Inflation – The persistent increase in the general price level of goods and services in a particular economy over time is a major indicator of the success of one’s economy. Inflation in Ghana stood at 9.4% in December 2018 compared to 7.9% in 2019, 10.4% in 2020, and 10.6% in August 2021. Inflation, also known as consumer price inflation has its source from the consumer price index (CPI) which measures the proportionate changes in the price level of household consumption of various goods and services. The third and fourth quarters of 2020 showed an inflation rate of 10.8% and 10.1% respectively. Likewise, the first and second quarters of 2021 revealed a 10.2% and 7.9% rate of inflation to that effect.
The way forward per 2020-2021 trend
The robustness of an economy is a gradual process given that most of the macroeconomic indicators have to improve to an appreciable state where there is an increase in poverty reduction hence achieving a high-quality standard of living. It is worth noting that the recent COVID-19 pandemic has affected Ghana’s economy just like any other economy in the world, yet, the state did not do badly in managing its economic affairs during and after the intense era of the pandemic. Following the data trend and the analysis in recent years, Ghana’s economy though might not achieve a huge gap success in the short term (first quarter, 2022) yet, will continue with appreciable growth per the subsections aforementioned in the sterilized facts.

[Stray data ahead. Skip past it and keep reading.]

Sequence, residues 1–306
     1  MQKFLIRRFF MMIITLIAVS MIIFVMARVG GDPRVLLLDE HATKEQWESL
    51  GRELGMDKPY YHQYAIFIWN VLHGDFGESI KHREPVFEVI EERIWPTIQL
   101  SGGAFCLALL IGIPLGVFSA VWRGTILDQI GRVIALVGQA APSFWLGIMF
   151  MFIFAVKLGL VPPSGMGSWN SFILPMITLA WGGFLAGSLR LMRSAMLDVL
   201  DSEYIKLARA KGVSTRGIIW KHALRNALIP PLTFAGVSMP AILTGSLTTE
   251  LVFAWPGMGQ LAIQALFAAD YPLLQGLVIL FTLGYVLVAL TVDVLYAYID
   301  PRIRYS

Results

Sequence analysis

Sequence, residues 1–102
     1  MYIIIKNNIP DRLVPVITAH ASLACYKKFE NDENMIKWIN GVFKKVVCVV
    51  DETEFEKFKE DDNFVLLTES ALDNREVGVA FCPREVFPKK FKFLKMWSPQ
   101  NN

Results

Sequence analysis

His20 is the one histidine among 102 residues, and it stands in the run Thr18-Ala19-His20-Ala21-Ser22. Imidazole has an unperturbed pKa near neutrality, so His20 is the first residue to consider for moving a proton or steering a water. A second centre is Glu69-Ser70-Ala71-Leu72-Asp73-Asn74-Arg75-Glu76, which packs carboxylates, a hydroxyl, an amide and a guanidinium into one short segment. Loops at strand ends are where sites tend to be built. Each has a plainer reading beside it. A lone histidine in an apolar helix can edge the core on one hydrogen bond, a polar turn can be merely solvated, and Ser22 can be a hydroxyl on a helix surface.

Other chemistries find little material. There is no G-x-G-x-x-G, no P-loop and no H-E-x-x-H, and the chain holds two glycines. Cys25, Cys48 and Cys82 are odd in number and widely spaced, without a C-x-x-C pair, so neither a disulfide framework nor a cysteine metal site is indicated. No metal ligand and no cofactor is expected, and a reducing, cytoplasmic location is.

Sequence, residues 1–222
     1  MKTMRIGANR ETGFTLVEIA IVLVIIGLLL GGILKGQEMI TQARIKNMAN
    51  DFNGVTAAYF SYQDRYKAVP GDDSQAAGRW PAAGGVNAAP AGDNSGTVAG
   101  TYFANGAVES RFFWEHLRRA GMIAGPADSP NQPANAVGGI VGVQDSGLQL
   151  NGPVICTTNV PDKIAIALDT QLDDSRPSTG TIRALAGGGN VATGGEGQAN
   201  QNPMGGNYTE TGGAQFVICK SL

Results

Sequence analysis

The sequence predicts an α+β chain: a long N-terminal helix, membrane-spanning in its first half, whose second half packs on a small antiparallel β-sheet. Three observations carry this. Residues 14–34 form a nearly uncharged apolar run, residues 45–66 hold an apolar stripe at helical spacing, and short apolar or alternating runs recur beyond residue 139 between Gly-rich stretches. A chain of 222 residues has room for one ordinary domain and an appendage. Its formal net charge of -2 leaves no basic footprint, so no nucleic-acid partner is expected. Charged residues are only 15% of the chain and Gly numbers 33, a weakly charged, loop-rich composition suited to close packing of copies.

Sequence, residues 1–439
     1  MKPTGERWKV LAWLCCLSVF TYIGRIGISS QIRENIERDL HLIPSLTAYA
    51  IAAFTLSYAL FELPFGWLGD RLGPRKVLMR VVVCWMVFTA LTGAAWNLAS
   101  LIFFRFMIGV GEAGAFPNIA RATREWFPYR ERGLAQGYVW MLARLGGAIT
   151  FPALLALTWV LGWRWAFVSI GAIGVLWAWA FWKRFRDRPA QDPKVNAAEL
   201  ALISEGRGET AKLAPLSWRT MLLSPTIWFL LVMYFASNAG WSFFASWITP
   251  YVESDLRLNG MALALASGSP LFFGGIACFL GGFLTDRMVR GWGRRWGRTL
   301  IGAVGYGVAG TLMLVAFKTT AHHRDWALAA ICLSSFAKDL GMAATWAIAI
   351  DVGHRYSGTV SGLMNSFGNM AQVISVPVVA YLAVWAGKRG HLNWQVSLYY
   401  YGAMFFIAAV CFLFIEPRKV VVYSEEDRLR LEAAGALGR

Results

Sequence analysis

Gross Domestic Product – The Ghana International Trade & Finance Conference (GITFiC) expect an evident revival in Ghana’s growth as the economy is gradually improving from the shocks of COVID-19 and its related concomitant effects. As a well-diversified economy, Ghana’s extractive sub-sector (oil and Gold) and cocoa still remains reliant for revenue generation that anchors growth. The crosscutting production activities also rely heavily on flow of electricity supply. With favorable expectation in commodity price shocks and improved flow of electricity generation and supply, GITFiC project an upward increase of GDP between 4.9% to 6.3% showing a surge given the previous year’s data and the various measures put in place by the government to raise revenue for productive activities in the economy.
Employment – The 4.53% unemployment rate in 2020 could be partly attributed to the COVID-19 pandemic. The gradual relieve from the effects of the pandemic in Ghana, the employment policies highlighted in the 2021 budget to be implemented in 2022, among other measures to be implemented, should unemployment rate not decrease beyond the hovering figure of 4.1 in 2018 and 2019, GITFiC project maximum 4.4% unemployment rate in 2022.
Debt to GDP Ratio – In fact, the debt to GDP ratio has received a consistent increase for over a decade in Ghana. The implementation of the holistic free senior high school policy in 2017 against the existing “progressive free senior high school” in part added to Ghana’s huge debt to GDP in recent years. However, we expect that experts in the field are learning from their experiences on how to reduce the cost involved in government financing the policy through internally generated funds alongside other policies to curb the borrowing power. At least, a 2% to 3% reduction in debt to GDP ratio in 2022 will be a good move to build on by the nation.
Inflation – Per the sterilized facts highlighted above, GITFiC expect a further reduction in inflation given that 2021 saw a reduction showing considerable revival from the pandemic shocks internationally and domestically.
Ghana is still in the right direction with considerable revival from the shocks of the pandemic and other challenges hoping that the increase in taxes in various sectors in Ghana’s economy will reflect in developmental projects.
Source: Richard Mensah Adonu | Join our Telegram Group